The BLM office in Moab, Utah, sits in the heart of red rock country. Some of the world's finest fossil sites are here, and almost all are on public land. Nevertheless, Moab District Manager Kate Kitchell says catching fossil thieves is low on her list of priorities, below catching looters of Indian artifacts and rescuing mountain bikers. Only one law enforcement agent and one paleontologist roam her district's 6.5 million acres. Moab BLM archaelogoist Bruce Louthan won't ever go in the many rock shops along Moab's main drag. "I find it distasteful," he says. "I would rather not have to get into an argument about how immoral (fossil collecting on public land) is."
The scope of fossil-pirating in the West is hinted at by Operation Rock Fish in Wyoming. There, officials use aerial surveillance of the Fossil Butte National Monument and other public lands to record pilfering.
Thus far, the 18-month-old operation has made 29 felony arrests that involve weapons and explosives violations, burglaries, grand larceny and controlled substance violations, in connection with fossil thefts, reports the Casper Star-Tribune. But no one has yet been convicted.
"Nine out of 10 suspects (for stealing fish fossils in Wyoming) have criminal records that lead to drug trafficking and dealing," says Society of Vertebrate Paleontology president Krause.
In South Dakota, the "Sue" incident led the Justice Department to a four-year investigation of the Black Hills Institute. Last year, Neal and Pete Larson, Bob Farrar and two other Institute partners were indicted on 39 counts, containing 153 separate charges, mostly for fossil theft. Their sentencing occurred just days before the Tucson show.
Neal Larson and Farrar made it to Tucson, grinning like kids, wearing "Free Sue" T-shirts, and eager to show off "Stan," their second T. rex skull - four feet, eight and a half inches long. Neal Larson had been convicted of theft of government property but was given two years' probation, and fined. But Pete Larson missed his first show in years: He had just been sentenced to two years in prison. He was convicted on two felony charges for smuggling money into the country after one of his trips abroad and two misdemeanor charges for taking fossils worth less than $100. The charges against Farrar were dropped. The jury acquitted the Black Hills defendents on 72 other charges and failed to reach verdicts on 68 more.
If land-management agents feel unequipped to deal with the current problem, the Fossil Preservation Act terrifies them. "We would never have the manpower to enforce something like that," says Rasmussen.
BLM employees are also angry that the bill gives ultimate authority to the U.S. Geological Survey, an agency that does not manage any land and that just fired all of its paleontologists. "The BLM is much more capable of doing day-to-day work," says Rasmussen. "We have resource areas in small towns."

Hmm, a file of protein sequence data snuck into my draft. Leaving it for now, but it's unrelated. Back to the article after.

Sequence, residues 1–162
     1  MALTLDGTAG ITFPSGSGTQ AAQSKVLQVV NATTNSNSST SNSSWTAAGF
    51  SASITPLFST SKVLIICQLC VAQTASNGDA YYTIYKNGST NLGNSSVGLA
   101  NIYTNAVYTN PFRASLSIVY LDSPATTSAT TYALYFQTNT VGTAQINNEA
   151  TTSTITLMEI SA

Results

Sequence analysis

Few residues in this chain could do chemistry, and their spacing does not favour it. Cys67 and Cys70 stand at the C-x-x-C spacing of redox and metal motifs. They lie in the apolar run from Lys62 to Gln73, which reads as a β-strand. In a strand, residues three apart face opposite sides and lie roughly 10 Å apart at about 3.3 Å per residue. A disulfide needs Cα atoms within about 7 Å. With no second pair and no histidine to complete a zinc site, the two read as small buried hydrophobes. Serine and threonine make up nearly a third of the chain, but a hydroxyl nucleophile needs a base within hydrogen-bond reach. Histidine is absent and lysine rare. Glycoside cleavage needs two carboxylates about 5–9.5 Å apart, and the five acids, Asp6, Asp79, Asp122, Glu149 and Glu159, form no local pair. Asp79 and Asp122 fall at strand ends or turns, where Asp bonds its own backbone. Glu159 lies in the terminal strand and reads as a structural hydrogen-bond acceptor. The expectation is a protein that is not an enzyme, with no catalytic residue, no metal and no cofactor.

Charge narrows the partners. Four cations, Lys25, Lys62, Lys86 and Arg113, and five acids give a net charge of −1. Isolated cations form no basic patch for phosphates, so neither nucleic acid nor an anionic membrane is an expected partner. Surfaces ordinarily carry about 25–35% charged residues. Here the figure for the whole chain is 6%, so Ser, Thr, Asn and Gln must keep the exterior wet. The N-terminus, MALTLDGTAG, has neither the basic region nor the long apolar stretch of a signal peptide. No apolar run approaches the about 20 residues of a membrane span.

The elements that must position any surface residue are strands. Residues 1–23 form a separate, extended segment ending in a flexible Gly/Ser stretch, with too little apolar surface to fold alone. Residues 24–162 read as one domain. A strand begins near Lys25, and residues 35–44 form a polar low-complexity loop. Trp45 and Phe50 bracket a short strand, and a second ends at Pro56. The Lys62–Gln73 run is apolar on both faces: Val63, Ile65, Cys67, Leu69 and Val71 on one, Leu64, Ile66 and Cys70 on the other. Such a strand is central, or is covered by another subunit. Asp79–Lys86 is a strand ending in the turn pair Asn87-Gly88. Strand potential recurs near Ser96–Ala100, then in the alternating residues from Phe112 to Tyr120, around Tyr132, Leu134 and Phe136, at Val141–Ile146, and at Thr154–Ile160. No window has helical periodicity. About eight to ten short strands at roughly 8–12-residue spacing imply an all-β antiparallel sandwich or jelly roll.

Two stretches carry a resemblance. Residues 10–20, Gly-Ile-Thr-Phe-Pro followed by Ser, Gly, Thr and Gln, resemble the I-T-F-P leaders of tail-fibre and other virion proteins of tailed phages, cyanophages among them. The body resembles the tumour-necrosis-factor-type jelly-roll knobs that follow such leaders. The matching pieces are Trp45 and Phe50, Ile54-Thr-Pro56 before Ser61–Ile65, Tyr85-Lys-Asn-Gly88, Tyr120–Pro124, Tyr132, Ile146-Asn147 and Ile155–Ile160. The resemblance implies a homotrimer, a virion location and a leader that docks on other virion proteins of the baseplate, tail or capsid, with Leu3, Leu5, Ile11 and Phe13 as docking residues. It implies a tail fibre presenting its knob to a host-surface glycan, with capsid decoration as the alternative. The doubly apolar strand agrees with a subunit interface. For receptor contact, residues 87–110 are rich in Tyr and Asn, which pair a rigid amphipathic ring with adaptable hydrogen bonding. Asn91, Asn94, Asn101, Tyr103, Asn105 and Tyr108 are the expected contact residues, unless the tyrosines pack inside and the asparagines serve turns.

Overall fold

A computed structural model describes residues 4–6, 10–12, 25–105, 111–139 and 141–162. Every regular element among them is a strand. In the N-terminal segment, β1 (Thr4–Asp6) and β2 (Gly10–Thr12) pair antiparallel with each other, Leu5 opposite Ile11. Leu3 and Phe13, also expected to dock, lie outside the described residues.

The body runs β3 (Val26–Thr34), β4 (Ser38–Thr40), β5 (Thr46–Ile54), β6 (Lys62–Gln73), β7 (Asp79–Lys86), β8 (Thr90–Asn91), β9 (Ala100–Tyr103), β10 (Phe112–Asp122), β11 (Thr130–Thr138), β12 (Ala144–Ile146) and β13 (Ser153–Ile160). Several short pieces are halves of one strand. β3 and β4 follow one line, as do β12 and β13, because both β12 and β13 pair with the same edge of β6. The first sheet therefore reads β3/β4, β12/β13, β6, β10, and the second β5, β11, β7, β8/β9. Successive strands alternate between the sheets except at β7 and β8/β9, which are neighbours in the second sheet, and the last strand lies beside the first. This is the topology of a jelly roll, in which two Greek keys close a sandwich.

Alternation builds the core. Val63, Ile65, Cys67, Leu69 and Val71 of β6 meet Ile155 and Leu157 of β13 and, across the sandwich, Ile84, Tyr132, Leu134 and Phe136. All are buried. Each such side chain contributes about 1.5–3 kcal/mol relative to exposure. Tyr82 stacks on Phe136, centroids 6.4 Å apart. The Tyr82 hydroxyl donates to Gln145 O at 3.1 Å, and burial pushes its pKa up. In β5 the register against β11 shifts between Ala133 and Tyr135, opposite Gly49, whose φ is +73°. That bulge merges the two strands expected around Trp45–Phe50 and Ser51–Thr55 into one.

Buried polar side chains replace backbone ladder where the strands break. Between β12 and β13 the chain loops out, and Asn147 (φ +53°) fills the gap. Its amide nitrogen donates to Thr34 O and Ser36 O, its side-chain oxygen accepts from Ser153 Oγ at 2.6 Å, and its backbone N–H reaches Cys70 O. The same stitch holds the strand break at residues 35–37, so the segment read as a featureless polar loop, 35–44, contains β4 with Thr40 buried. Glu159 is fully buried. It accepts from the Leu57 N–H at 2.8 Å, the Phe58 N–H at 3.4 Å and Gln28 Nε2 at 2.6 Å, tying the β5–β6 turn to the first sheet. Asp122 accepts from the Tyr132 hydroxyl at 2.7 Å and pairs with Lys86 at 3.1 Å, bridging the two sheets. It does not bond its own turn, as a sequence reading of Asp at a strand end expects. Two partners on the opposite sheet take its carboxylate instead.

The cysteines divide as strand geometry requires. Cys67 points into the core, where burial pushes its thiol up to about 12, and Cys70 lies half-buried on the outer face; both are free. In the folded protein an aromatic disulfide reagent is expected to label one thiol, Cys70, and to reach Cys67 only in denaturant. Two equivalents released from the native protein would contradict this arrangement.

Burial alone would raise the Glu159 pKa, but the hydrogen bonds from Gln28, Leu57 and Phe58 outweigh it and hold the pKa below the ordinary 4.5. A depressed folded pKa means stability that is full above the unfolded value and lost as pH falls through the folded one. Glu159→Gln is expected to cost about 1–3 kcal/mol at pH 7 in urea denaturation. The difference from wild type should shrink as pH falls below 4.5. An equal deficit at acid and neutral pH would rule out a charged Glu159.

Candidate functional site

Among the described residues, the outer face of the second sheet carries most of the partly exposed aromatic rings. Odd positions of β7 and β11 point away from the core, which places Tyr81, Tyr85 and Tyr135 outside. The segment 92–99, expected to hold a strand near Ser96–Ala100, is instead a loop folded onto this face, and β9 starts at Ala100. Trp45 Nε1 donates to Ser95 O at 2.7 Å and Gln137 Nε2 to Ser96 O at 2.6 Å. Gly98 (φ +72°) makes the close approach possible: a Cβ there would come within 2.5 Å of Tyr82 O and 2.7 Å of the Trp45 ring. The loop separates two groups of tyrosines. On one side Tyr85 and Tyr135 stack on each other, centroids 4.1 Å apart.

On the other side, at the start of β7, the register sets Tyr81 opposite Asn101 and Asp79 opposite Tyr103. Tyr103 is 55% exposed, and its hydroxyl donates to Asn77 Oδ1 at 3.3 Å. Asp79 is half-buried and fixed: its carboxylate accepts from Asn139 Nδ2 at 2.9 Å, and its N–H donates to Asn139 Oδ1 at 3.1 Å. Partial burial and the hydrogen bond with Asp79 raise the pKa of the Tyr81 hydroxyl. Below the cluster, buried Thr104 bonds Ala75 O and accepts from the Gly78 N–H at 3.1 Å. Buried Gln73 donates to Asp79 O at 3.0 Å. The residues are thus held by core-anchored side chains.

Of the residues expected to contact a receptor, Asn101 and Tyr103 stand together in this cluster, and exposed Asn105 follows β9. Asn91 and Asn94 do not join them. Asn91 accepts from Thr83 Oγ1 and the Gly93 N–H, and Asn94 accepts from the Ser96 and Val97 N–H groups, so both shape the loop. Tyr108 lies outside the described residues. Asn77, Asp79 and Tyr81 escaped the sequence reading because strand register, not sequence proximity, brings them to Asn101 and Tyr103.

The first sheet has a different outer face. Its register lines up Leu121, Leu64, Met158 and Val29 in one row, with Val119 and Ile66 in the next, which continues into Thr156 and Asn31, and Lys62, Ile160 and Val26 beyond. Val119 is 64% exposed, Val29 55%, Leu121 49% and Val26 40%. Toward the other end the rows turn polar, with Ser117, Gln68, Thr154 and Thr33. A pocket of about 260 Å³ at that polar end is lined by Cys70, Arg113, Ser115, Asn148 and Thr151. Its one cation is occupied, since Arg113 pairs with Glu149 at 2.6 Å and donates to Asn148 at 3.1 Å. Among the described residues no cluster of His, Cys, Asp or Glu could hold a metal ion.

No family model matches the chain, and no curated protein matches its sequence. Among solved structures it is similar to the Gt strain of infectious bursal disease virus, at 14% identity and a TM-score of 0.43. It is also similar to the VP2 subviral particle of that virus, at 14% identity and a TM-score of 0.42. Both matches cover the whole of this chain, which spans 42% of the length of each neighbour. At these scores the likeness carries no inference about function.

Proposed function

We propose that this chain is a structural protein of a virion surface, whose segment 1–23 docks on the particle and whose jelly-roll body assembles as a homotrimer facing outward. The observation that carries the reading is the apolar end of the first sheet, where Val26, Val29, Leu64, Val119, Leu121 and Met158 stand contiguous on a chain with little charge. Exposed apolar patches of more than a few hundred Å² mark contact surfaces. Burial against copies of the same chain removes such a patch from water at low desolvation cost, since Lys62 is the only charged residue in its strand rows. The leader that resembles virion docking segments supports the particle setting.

Fossils on the auction block
It is evening toward the end of an exhausting week. The dealers are by the pool, beers in hand, for the annual Paleontological Suppliers' auction. The Black Hills Institute's Neal Larson plays auctioneer in an oversized cowboy hat. Dealers bid on each others' fossils, jacking the price up four or five times.
Suddenly I realize I'm at a fossil-hound's version of a Ducks Unlimited auction; they are selling relatively worthless objects for high prices for a good cause. A single trilobite worth less than a buck is auctioned three times at $100 each time. Boyce offers another $100 if Larson will throw it in the pool.
Boyce invented this game in 1985. Proceeds go to the American Association of Paleontological Suppliers' three scholarships for academic paleontology students. "I was sick of being accused of being greedy bloodsuckers," says Boyce.
Although Boyce has learned to cash in on the West, his hucksterism is softened by love of what he sells. He tells me that his house in South Dakota is built of limestone embedded with fish and plant fossils.
"The Badlands are just that - bad," he says. "There is a lot of erosion and the ground is every color of the rainbow, from black to pink to pastel purple. When I watch Western movies I look behind the set and think, I know that formation and the fossils there. I think, this is a desperate land and beautiful."
Boyce thinks of himself and the brotherhood around the pool as the future - a force that will harvest the West's resources when public lands are open to lawful commercial and amateur collecting.
Special agent for the National Park Service Pat Buccello has another vision. She compares the fossils to the West's vulnerable archaeological treasures. "We are exactly where we were with the loss of archaeological resources 100 years ago. We are just now realizing what we are losing."
Heather Abel is a High Country News reporter.
For more information about the Fossil Preservation Act, contact the following:
SAFE, Save America's Fossils for Everyone, Lawrence J. Flynn, Peabody Museum of Archaeology and Ethnology, Harvard University, Cambridge, MA 02139 (617/496-3945);
American Lands Access Association, Bob Cranston, P.O. Box 4255, Grand Junction, CO 81501 (970/245-7139);
Bill sponsors Rep. Tim Johnson, D-S.D., 202/225-2801 and Rep. Joe Skeen, R-N.M., 202/225-2365.